MN State Fair Fried (Baked) Pickles

Minnesota state fair fried oven baked pickles stack 2

When I was a kid, August brought with it a wave of conflicting emotions. The excitement of an annual family beach vacation was offset by the paralyzing fear of returning to school, yet there was always one aspect of August that tilted my mood ever-so-slightly in the positive direction: The Minnesota State Fair.

While I was growing up, my family would go to the fair at least twice, but usually three times each year. Sure, us kids loved it, but the multiple journeys were mostly because of my mom. She grew up near the fair, and still transforms into a giddy kid as soon as she walks in the gates. This giddy kid then leads our hungry family from food stand to food stand, trying what’s new but mostly running to our tried-and-true favorites: cheese curds, mini donuts, and fried pickles.

If you’re not a Minnesotan, you may think, “It’s a fair, big deal,” but no no no, not so fast. This isn’t just your average fair. It’s an opportunity to observe variety. Variety in food, variety in courage (I mean WHAT are those people in that bungee ball even THINKING?), and variety in people. Oh me-oh-my the people watching is fantastic: The mullets, the puffy 80s bangs, the 60+ woman in a halter top, the fanny packs…it’s just everything you’d ever want to watch while stuffing your face with fried pickles.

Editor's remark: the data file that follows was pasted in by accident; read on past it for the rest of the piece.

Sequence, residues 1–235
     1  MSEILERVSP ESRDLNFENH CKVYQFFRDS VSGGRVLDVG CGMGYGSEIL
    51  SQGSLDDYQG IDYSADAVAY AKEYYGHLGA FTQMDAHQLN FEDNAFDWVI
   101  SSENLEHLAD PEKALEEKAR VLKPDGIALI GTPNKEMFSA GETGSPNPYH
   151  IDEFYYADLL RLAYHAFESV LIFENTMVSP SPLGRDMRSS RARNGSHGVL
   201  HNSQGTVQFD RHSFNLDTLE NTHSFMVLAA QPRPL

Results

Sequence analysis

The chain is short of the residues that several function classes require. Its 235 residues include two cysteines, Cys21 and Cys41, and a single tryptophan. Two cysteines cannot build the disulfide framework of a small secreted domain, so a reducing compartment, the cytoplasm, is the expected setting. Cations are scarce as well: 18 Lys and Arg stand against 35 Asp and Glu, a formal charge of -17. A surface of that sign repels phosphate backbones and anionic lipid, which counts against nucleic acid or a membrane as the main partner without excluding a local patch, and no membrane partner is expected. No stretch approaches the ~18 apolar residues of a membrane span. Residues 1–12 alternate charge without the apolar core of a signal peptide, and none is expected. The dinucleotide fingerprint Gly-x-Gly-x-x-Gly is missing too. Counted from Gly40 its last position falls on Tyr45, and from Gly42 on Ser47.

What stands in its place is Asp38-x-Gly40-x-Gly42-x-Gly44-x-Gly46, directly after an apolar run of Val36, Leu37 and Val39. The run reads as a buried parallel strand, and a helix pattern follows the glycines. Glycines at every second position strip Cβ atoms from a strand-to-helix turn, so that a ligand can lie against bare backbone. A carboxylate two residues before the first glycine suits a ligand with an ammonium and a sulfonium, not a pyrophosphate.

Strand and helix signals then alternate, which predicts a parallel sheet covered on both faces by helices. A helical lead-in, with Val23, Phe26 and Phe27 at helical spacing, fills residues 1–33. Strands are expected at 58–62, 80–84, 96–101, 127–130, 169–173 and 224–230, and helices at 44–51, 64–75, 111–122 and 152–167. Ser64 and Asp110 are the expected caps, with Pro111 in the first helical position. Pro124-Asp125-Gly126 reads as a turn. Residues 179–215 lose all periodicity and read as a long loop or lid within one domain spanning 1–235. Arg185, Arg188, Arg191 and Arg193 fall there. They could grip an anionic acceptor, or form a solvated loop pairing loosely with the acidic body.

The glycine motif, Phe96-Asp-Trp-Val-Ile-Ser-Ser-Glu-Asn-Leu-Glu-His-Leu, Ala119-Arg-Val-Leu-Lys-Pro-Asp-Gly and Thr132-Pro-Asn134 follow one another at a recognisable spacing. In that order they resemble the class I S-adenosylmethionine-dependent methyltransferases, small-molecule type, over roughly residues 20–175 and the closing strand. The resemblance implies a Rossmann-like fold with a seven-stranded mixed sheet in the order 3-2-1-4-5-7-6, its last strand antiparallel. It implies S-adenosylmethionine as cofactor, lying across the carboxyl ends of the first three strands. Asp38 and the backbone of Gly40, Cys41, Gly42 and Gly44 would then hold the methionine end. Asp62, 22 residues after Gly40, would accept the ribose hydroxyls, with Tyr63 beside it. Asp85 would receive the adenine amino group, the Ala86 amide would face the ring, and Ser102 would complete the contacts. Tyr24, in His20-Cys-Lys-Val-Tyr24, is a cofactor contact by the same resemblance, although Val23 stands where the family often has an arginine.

Since I can only make it to “The Great Minnesota Get Together” once this year, I thought that I’d try to bring a bit of the fair home. Maybe I couldn’t take the people watching home with me (which is good…things could get weird real fast), but I could try my hand at homemade fried pickles. When I say “fried” I mean baked, because deep-fried pickles should probably be limited to once, twice, or three times a year, but breaded and baked pickles should be just 20 minutes away year-round, right?

…right?

Baked Pickle Chips

Inspired by Food Network, Joy The Baker, and Skinnytaste.
Makes about 30 “fried” pickles.

For the Pickles…

  • 5 whole dill pickles, sliced into 1/4-inch thick rounds
  • 1/2 cup cornstarch
  • 1 egg
  • 1/2 cup buttermilk
  • 1 tsp dijon mustard
  • 1/2 cup panko breadcrumbs
  • 2 tablespoons cornmeal
  • 1 tablespoon cornstarch
  • 1/2 teaspoon garlic salt
  • 1/4 teaspoon cumin
  • 3 tablespoons olive oil, divided

For the Ranch Dressing Dip…
Adapted from Baked Bree.

  • 6 ounces fat free Greek yogurt
  • 2 tablespoons sour cream
  • 1 tablespoon apple cider vinegar
  • 1/2 teaspoon kosher salt
  • 1/4 teaspoon black pepper
  • Pinch of cayenne pepper
  • 1/2 teaspoon dill
  • 1/2 teaspoon parsely

Preheat the oven to 425 degrees.